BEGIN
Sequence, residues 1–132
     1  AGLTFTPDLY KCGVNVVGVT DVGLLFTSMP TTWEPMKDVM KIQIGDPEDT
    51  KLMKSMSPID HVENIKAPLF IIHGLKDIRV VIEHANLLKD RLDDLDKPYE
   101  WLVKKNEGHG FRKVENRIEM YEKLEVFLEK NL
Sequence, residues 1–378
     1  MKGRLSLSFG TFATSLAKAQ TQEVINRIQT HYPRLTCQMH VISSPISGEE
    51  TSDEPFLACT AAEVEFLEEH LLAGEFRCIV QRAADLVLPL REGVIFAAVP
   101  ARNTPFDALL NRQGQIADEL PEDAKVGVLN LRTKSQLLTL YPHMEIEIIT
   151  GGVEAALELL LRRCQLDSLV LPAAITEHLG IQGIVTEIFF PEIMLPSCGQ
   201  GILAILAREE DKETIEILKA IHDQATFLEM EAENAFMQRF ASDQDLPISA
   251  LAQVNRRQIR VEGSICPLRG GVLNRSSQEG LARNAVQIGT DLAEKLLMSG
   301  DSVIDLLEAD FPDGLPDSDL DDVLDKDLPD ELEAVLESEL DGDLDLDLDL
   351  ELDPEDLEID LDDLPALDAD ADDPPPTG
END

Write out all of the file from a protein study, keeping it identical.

Sequence, residues 1–132
     1  AGLTFTPDLY KCGVNVVGVT DVGLLFTSMP TTWEPMKDVM KIQIGDPEDT
    51  KLMKSMSPID HVENIKAPLF IIHGLKDIRV VIEHANLLKD RLDDLDKPYE
   101  WLVKKNEGHG FRKVENRIEM YEKLEVFLEK NL
Sequence, residues 1–378
     1  MKGRLSLSFG TFATSLAKAQ TQEVINRIQT HYPRLTCQMH VISSPISGEE
    51  TSDEPFLACT AAEVEFLEEH LLAGEFRCIV QRAADLVLPL REGVIFAAVP
   101  ARNTPFDALL NRQGQIADEL PEDAKVGVLN LRTKSQLLTL YPHMEIEIIT
   151  GGVEAALELL LRRCQLDSLV LPAAITEHLG IQGIVTEIFF PEIMLPSCGQ
   201  GILAILAREE DKETIEILKA IHDQATFLEM EAENAFMQRF ASDQDLPISA
   251  LAQVNRRQIR VEGSICPLRG GVLNRSSQEG LARNAVQIGT DLAEKLLMSG
   301  DSVIDLLEAD FPDGLPDSDL DDVLDKDLPD ELEAVLESEL DGDLDLDLDL
   351  ELDPEDLEID LDDLPALDAD ADDPPPTG